Trump doesn't understand tactical retreat, and it's handing a major gift to Democrats.


On Tuesday evening, in the midst of an erratic tweet storm, Donald Trump abruptly canceled negotiations with House Democrats on a COVID relief package, saying that he was instructing Senate Majority Leader Mitch McConnell to instead focus on confirming Amy Coney Barrett to the Supreme Court before the election. Trump's tantrum came on the heels of the Democrats passing their second attempt for this round of coronavirus relief package of $2.2 trillion through the House and a poll showing Americans, by a 3 to 1 margin, want Congress to act on COVID relief before the Senate takes up Barrett's nomination.

Trump's shock move was a surprise even to his campaign team, and it left his campaign manager stumped in the middle of a press call with pollsters. Incidentally, new polls are beginning to show that Trump has now blown the one advantage he had over Biden: the economy.

This is a disaster for Trump that portends to drag Republicans down with him in less than a month. Americans want and need COVID relief for individuals, states, and small business, and news of Trump's unilateral stand-down order sent stocks tumbling. Whether because of the sharp market reaction or because of his campaign team's pleas, Trump haphazardly added to his tweet storms demands to send him legislation with no coherent strategy, and that did not help.

Any other administration - especially one that is struggling to gain traction among American voters - would, if they wanted the negotiations to end, accept the House bill, have McConnell pass it through the Senate unchanged, and then move onto the Supreme Court nomination. An economic stimulus package in the waning days of a re-election campaign would be a big boost in the arm of any president, bolstering their credibility on the economy. Any other president would swallow an inconsequential loss - in that the opposing party's spending package prevailed over their own - as a tactical defeat in order to advance the strategic goals of buttressing their economic argument and filling a Supreme Court seat.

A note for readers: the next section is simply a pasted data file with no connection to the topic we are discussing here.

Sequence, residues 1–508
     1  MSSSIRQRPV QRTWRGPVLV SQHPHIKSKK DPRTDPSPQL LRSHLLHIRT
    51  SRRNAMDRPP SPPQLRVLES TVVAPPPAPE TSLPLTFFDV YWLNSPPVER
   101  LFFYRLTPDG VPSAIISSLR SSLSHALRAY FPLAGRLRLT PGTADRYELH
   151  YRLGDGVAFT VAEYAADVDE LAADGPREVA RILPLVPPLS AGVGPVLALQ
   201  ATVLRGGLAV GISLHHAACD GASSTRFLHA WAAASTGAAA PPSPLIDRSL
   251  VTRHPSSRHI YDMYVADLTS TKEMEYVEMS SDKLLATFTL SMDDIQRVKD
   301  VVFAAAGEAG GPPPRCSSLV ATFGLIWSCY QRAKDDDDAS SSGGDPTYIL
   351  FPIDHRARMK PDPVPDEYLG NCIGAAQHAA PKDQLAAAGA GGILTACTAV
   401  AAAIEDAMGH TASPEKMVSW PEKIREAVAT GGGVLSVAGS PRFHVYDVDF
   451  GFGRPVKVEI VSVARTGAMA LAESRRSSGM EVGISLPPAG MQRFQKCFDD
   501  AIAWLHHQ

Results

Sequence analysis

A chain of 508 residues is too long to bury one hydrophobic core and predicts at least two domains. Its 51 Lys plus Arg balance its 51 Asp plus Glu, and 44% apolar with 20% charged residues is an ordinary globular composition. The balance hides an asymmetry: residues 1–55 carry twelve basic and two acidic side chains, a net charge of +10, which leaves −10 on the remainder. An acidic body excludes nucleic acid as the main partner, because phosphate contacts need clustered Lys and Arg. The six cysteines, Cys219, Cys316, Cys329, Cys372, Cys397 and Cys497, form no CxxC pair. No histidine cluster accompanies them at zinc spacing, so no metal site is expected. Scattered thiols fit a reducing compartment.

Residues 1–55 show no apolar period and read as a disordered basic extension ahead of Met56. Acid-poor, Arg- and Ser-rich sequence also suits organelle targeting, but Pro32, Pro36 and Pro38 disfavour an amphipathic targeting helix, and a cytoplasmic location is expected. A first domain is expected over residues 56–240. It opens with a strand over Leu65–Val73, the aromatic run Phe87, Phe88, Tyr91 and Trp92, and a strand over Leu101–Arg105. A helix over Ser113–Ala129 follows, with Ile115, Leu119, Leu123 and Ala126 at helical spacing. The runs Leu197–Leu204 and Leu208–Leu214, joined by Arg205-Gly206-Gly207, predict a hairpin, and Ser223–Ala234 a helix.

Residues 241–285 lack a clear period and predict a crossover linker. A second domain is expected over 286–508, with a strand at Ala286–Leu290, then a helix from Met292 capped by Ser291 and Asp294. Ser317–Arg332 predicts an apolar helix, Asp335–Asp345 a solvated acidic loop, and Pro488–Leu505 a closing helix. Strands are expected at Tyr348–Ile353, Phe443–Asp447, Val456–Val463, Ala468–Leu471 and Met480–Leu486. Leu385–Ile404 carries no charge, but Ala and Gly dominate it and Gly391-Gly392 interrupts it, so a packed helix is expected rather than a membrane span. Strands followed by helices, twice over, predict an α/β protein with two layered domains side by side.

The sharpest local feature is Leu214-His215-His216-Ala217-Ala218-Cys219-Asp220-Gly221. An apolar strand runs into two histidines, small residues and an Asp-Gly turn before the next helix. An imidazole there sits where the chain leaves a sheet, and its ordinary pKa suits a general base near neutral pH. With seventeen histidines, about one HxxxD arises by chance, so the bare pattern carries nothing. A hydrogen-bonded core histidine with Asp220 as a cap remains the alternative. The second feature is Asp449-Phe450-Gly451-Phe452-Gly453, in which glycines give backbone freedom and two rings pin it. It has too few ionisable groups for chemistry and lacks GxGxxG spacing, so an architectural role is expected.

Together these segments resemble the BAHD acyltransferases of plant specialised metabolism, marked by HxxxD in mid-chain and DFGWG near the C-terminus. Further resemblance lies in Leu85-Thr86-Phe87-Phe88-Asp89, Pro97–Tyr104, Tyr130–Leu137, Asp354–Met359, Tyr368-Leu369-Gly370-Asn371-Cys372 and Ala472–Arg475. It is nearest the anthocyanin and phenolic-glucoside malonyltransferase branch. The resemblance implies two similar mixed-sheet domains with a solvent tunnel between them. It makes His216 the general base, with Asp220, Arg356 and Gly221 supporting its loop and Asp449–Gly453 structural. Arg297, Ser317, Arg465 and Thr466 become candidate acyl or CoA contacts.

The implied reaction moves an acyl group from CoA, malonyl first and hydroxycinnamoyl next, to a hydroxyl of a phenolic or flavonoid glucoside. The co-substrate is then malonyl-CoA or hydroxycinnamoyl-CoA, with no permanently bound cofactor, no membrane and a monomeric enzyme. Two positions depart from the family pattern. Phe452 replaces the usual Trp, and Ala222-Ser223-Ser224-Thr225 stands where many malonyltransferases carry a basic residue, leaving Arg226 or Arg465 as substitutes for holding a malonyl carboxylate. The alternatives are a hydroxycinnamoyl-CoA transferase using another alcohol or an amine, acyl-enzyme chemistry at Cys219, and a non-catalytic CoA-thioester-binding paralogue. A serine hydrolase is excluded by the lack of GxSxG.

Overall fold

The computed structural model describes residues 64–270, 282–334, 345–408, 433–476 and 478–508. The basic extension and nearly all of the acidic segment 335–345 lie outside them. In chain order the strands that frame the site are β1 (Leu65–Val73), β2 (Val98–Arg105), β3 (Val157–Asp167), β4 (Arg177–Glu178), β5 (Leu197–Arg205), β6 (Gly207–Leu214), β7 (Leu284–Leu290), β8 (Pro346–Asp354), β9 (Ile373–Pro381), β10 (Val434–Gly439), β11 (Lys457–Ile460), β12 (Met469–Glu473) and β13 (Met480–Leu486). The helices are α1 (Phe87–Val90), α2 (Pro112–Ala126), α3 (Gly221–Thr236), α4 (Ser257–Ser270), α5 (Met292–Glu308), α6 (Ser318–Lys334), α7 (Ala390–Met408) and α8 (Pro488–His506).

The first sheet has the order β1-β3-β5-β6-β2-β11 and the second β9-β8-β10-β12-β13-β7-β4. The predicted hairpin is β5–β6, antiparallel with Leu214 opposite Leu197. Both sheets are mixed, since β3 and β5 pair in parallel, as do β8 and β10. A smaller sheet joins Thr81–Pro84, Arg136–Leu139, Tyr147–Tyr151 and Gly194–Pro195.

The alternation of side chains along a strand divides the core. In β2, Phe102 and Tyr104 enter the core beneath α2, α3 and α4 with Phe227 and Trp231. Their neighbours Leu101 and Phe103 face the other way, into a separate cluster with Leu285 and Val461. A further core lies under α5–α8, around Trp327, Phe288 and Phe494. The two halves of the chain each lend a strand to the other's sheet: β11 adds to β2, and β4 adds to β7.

But not Donald Trump.

Donald Trump is so egotistical, so infatuated with his own image, so self-absorbed that he cannot get out of his own way. He cannot possibly accept a tactical loss, or any loss, because then he would look weak, if not to anyone else then to himself. Trump hates to lose, and being able to beat his chest about how he didn't let his 'enemies' win is all that matters.

So instead, he is making sure that for the remainder of the campaign, the top issue in voters' minds remains the coronavirus and its associated economic devastation, to the extent that it wasn't already so. Joe Biden and Democrats want to talk about COVID, we want to talk about Trump's Supreme Court nomination in the context of undermining the protections of the Affordable Care Act. Because of Trump walking away from the negotiations unilaterally, it will be even easier for Democrats to argue that he and his party are more interested in taking health care away from Americans through right wing judicial activism than in making sure that Americans who need health care and economic relief in the wake of deadly pandemic can rest easy.

We will, of course, do exactly that.